Orlando, Florida, was recently host to the eHealth Initiative Big Data conference. Tabbed “Leading IT Forward,” the conference brought together a variety of stakeholders to discuss issues related to data interoperability, analytics, and sharing of best practices.
What is meant when someone uses the term ‘Big Data’? Wikipedia states that Big Data:
is a collection of data sets so large and complex that it becomes difficult to process using on-hand database management tools or traditional data processing applications. The challenges include capture, curation, storage, search, sharing, analysis, and visualization.
Big Data as it applies to patient health has its own set of challenges. The lack of interoperability between different EHR vendor platforms prevents a complete longitudinal view of the patient necessary to tell the full health story. Just think of the gap in EHR communication that exists between the outpatient and inpatient care delivery systems as one of many examples.
Was it coincidence that the stage was set in the same city roots from which the EPCOT center was born or does Big Data have a big play in spearheading the advancements of tomorrows innovations? What would Walt Disney say? Perhaps the challenge isn’t a question of technology but rather one that requires more collaboration among stakeholders.
Big Data in the World of Tomorrow
Andy Slavitt, Executive VP of Optum, helped set the stage by introducing Optum’s latest initiative called Optum Labs, an open innovation facility designed to attract a wide variety of stakeholders to collaborate and improve patient care.
Slavitt mentioned that “physicians feel the effort of technology is not worth the effort until intercompatible patient data exists,” alluding to the need for the hundreds of EHR systems to have the ability to communicate patient information back and forth.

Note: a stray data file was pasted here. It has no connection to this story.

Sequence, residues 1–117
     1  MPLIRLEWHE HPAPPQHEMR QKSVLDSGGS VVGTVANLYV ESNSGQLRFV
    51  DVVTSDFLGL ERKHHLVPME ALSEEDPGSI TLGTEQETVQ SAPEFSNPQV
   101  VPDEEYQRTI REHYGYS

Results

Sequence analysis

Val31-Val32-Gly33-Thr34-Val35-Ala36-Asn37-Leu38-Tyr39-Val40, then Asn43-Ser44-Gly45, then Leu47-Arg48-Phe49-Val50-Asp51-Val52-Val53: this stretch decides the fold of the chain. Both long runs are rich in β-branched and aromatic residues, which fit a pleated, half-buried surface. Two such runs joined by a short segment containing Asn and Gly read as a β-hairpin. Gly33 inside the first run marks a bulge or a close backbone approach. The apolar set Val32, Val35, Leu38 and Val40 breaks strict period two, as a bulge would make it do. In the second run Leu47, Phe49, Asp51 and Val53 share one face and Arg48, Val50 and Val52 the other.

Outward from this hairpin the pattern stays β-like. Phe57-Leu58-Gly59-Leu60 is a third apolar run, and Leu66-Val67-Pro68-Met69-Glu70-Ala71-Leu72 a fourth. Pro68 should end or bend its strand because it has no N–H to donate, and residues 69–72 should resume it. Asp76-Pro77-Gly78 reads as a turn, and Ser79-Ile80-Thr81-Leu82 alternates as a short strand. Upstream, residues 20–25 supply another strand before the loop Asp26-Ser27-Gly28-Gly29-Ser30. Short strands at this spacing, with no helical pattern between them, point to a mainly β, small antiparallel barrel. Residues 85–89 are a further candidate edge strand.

In a discussion panel on use of technology to help patients manage chronic conditions, Dr. Tehseen Salimi, VP of Global Evidence and Value Development at Sanofi-Aventis, stated that “we (society) have done a good job at building silos…but we need more interoperability” to carry forward the advances of tomorrow.
Does solely extracting data paint the entire patient picture? In the same panel Dr. Geeta Nayyar, Chief Medical Information Officer at AT&T for Health, followed by stating that “isolated data numbers don’t mean a thing without the full story of the patient as well,” sharing the importance that subjective patient information plays for assessing a patient.
Has the stage been set to start de-siloing and start thinking more collaboratively in nature? Laura Adams, CEO of the Rhode Island Quality Institute, projected herself not as an executive, but as a patient who won her battle against breast cancer.
In her keynote address she stated that “crowdsourcing patient information is becoming more prominent than engaging patients in the delivery system,” emphasizing how patients are seeing more value educating one another on disease and treatment, compared with relying solely on what’s available through current care delivery workflows. After all, patients are becoming more engaged in their relationships, which is certainly a culture shift from the traditional methods of engagement.
How does this translate for Lilly COI and the clinical development space?
By removing the barriers for engaging externally and collaboratively, there’s an opportunity to develop the innovative medicines of tomorrow, faster, cheaper, and better. For instance, could the notion of clinical trial enrollment be improved if patients better understood the protocol documents?
What if these documents were crowdsourced by the patients themselves, as Laura put it? We look to help shape a new way of thinking and make demonstrable a cultural shift towards collaboration and openness in the clinical development space.
Stay tuned as we continue to embark upon this journey.